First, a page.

Robert King (jurist)

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Robert King LL.D. (1600 – 6 November, 1676) was an English jurist and Master of Trinity Hall, Cambridge.

Life[edit]

He was a native of Kent. He matriculated as a pensioner of Christ's College, Cambridge, 5 July 1617, graduated B.A. in 1620-1, and proceeded M.A. in 1624. In 1625 he was elected to a fellowship at Trinity Hall, which he held till 1636.[1]

On 16 June 1628 he was sworn and admitted a proctor in the Bishop of Ely's consistorial court by Dr. Thomas Eden. In 1636 he took the degree of LL.D., and on 10 October 1641 was admitted an advocate of the court of arches at Doctors' Commons. From 1641 to 1662 he was official to the Archdeacon of Suffolk, and from 1642 to 1646 commissary of the Suffolk archdeaconry. He was commissary of Sudbury archdeaconry for 1645 only, and official to the archdeacon of Sudbury, 1645 to 1674.[2]

On the death of Thomas Eden (18 July 1645), Parliament (30 August) ordered the Fellows of Trinity Hall to suspend the election of any master until the university regulations had been carried out; but the fellows on 28 September petitioned for leave to elect in consequence of various inconveniences. Their prayer being granted, they elected John Selden (23 July), and upon his refusal to act King was chosen on 28 October and his election approved by the House of Lords on 6 November;[3] but the Commons objecting, he was constrained to resign, and the fellows proceeded on 7 March 1646 to elect John Bond. This election received the approval of both houses on 26 March.[2]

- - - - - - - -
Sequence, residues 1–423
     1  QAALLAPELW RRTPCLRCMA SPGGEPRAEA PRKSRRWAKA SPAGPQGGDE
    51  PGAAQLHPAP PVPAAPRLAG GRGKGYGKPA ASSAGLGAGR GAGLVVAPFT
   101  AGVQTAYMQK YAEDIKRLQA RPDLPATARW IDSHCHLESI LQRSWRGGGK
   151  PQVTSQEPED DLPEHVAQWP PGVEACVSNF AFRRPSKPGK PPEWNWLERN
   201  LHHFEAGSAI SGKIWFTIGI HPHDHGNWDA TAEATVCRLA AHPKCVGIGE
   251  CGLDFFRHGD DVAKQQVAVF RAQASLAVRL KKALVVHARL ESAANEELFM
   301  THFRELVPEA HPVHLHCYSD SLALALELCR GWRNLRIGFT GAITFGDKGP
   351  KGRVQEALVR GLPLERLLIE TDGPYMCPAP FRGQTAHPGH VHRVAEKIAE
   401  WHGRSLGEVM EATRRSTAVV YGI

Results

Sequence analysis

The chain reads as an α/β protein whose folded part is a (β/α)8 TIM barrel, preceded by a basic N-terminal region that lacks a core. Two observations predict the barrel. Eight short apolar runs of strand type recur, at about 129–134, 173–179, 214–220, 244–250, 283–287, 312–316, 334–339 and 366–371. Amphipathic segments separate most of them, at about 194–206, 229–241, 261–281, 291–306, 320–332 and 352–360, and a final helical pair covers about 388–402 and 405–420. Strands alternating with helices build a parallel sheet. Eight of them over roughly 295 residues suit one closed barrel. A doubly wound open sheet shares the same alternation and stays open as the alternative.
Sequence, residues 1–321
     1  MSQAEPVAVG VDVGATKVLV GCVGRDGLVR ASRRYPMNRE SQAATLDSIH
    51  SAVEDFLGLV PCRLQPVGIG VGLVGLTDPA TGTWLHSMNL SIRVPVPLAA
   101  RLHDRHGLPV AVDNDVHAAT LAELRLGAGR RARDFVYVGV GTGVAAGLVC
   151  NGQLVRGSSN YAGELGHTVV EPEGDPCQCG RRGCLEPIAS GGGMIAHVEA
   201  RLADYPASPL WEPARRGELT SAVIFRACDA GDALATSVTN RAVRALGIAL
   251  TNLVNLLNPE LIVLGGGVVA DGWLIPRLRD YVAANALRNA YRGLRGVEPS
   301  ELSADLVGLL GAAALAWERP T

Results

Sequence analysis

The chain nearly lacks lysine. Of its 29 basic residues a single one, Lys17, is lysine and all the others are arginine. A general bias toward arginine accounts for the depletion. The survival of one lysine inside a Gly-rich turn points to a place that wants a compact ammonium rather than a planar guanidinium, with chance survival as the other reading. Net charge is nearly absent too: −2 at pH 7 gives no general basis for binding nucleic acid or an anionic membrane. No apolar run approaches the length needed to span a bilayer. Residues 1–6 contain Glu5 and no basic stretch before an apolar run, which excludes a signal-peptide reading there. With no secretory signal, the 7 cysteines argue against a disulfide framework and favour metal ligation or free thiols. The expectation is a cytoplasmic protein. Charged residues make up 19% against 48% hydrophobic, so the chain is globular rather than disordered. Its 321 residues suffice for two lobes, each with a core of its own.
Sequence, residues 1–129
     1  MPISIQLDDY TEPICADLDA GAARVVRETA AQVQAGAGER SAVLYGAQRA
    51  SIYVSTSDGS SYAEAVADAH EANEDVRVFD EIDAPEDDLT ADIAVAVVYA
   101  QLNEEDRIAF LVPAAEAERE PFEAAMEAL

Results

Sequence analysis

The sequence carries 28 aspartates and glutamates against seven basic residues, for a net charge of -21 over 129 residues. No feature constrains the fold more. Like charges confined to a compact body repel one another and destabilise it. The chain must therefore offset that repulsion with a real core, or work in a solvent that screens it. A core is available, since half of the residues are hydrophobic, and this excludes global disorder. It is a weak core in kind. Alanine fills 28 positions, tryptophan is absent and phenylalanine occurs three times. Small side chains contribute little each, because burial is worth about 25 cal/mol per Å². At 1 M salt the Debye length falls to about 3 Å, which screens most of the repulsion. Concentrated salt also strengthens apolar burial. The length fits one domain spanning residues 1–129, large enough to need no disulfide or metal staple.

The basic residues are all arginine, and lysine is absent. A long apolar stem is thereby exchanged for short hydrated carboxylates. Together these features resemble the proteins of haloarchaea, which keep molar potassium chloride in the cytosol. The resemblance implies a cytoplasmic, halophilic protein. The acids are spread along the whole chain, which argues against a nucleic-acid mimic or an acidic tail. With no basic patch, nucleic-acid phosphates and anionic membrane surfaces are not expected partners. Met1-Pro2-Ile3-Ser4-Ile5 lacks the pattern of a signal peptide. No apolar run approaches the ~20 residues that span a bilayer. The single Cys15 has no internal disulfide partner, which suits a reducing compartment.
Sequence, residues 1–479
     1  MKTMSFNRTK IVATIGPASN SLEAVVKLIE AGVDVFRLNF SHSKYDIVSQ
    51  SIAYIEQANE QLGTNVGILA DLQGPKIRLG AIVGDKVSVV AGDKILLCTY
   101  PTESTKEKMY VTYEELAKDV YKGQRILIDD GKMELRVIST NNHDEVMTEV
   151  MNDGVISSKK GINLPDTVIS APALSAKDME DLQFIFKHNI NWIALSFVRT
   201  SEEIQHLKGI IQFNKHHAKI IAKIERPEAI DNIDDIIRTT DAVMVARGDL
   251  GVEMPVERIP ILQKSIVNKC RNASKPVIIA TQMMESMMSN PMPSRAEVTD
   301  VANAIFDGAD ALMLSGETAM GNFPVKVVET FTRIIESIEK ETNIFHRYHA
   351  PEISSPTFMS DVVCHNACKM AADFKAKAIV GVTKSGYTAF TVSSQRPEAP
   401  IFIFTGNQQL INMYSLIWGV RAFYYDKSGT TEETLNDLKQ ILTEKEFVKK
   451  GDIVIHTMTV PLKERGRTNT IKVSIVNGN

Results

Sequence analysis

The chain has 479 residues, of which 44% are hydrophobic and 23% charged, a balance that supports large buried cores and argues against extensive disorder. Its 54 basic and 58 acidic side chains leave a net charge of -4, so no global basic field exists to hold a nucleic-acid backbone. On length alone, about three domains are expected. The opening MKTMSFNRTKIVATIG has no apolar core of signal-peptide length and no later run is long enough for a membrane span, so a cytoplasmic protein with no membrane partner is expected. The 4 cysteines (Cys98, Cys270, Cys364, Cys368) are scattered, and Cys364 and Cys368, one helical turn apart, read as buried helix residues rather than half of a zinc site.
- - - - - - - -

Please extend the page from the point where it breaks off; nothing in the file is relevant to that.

At the Restoration of 1660 King was re-elected and admitted to the mastership, 20 August 1660. In 1661 he was made vicar-general and principal official to Matthew Wren, Bishop of Ely, and on 30 June 1662 the bishop placed him at the head of a commission to visit the diocese. He retained his chancellorship of Ely under Benjamin Laney, and was one of the commissioners for visiting the diocese in 1674.[2]

King died on 6 November 1676, aged 76, and was buried in the chapel of Trinity Hall. A black marble slab to his memory, with a Latin inscription and coat of arms, is placed near the altar. His arms also appear on a window in the Master's Lodge. King married Frances, daughter of Jasper Wareyn of Great Thurlow, Suffolk. By her he had a son and daughter, who both predeceased him. Land which he had purchased at Great Thurlow he left by will to three grandsons, Robert, Henry, and Thomas King.[2]

Notes[edit]

  1. ^ "King, Robert (KN617R)". A Cambridge Alumni Database. University of Cambridge. 
  2. ^ a b c d Dictionary of National Biography; s:King, Robert (1600-1676) (DNB00).
  3. ^ http://www.british-history.ac.uk/report.aspx?compid=33439

References[edit]

 This article incorporates text from a publication now in the public domain"King, Robert (1600-1676)". Dictionary of National Biography. London: Smith, Elder & Co. 1885–1900. 

Academic offices
Preceded by
Thomas Eden
Master of Trinity Hall, Cambridge
1645–1646
Succeeded by
John Bond
Preceded by
John Bond
Master of Trinity Hall, Cambridge
1660–1676
Succeeded by
Thomas Exton